To improve the competitive advantages of pulp fibre-based materials for tissue and packaging over fossil-based products, it is essential to increase knowledge of the selectivity of the cooking and the chemimechanical processes by optimizing the unit operations of impregnation, cooking and refining. A general goal in pulping processes is to achieve as efficient and even fibre separation as possible. A key to achieving this is to improve impregnation uniformity. In the case of chemical pulping, we need to study how a more even distribution of lignin at the fibre level via easily impregnated wood chips can be achieved using classic measures such as equalized hydroxide ion concentration, increased initial sulphide ion concentration, low sodium ion concentration and a low cooking temperature combined with an oxidative and reductive environment. In the case of chemithermomechanical pulp (CTMP) manufacturing, we need to achieve as even a degree of sulphonation as possible at the level of the individual fibres by means of improved sulphite ion distribution within the wood chips before they are pre-heated prior to entering the refiner.
Firstly, we have studied selective cooking systems for sulphate pulp manufacturing in oxidative (polysulfide) and reductive (sodium borohydride) environments. The yield increased from 48% to a maximum of 53%, which resulted in faster dewatering when mimicking a tissue papermaking process. This could explain how the advantage of the increased yield (fewer fibres and a more open sheet structure) outweighs the negative effects of the higher hemicellulose content on the dewatering properties. Moreover, the increased proportion of hemicellulose in the fibre walls resulted in improved bonding and increased tensile index at a certain refining energy.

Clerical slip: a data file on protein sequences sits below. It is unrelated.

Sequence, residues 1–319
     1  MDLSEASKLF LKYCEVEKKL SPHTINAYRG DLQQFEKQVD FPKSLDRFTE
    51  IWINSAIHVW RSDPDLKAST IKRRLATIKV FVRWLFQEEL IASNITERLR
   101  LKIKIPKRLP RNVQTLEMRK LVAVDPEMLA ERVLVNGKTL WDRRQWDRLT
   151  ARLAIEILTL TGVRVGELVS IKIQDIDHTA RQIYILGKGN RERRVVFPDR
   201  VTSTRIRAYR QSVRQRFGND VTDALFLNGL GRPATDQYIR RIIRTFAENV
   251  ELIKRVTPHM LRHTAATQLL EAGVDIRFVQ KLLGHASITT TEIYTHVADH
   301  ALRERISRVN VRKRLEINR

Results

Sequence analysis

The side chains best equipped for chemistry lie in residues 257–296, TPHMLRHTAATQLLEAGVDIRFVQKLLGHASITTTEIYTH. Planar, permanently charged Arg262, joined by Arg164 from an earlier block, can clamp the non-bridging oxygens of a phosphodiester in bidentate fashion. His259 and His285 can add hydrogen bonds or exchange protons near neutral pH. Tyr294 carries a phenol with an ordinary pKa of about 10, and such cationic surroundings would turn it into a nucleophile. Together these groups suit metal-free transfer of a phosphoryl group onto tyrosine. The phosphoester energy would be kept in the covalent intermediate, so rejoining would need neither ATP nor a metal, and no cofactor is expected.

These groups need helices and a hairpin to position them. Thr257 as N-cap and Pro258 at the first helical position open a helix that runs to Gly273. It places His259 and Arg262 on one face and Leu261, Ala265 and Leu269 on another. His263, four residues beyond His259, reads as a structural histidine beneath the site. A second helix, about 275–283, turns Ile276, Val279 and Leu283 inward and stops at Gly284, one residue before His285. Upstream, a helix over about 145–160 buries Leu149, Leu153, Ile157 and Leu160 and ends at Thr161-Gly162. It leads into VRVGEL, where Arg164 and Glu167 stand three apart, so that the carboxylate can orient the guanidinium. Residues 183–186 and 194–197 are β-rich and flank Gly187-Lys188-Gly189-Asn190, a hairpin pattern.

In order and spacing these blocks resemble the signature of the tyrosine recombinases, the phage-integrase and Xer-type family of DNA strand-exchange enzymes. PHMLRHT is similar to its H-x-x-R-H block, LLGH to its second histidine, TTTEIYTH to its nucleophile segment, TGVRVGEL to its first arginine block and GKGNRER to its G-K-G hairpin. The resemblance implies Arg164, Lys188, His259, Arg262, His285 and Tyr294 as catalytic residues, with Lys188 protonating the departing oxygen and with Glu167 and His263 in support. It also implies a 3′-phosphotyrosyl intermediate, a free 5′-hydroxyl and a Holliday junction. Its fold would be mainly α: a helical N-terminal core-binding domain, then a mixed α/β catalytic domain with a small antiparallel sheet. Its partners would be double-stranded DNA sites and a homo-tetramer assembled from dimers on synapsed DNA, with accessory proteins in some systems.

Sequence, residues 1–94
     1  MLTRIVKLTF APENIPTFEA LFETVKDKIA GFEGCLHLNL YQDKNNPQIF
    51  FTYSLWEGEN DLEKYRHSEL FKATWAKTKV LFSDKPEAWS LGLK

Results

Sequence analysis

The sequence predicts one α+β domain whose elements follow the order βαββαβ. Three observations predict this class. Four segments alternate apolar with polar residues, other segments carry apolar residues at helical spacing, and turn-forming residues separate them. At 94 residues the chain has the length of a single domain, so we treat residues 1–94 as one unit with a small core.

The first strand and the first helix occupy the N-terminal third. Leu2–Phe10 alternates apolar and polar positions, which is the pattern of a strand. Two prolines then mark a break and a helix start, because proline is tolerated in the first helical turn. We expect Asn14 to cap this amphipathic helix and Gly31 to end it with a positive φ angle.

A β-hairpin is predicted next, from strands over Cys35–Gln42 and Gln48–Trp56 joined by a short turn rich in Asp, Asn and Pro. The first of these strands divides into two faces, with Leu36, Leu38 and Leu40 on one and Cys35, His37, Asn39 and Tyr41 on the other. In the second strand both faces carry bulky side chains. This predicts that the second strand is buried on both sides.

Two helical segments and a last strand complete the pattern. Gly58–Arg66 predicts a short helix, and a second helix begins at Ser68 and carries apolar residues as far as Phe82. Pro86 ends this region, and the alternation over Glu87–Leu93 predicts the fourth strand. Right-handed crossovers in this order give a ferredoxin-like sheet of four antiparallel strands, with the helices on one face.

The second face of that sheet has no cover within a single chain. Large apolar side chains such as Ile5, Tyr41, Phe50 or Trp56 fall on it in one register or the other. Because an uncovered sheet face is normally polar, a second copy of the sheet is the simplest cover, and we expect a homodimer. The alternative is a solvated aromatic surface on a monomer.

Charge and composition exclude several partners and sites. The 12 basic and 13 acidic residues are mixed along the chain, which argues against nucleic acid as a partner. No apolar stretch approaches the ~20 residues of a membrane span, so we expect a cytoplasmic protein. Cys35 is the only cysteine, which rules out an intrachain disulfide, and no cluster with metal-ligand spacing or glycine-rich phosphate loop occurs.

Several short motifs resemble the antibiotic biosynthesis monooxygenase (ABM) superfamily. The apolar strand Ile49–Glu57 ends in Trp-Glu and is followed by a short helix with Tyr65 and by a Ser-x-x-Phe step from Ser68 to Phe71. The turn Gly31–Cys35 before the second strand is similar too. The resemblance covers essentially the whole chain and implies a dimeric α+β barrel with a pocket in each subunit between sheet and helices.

Secondly, we have studied the uniformity of impregnation at the fibre level by developing an accurate way of measuring sulphur and sodium content in measuring points that are 5-10 µm in diameter with miniaturized X-ray-based technology. This technology is considered cheap and efficient enough to be introduced in industrial labs and/or in online equipment. Our newly built miniaturized energy dispersive X-ray fluorescence (ED-XRF) demonstrates the capability of imaging sulphur and possibly sodium distribution in wood chip fibres or individual fibres on a micro scale.
In parallel, to the above research we have studied a new catalytic lignin-selective cooking method where a substantial portion of the dissolved lignin can be extracted as vanillin, creating significant value and opportunities for new cost-efficient wood biorefinery systems.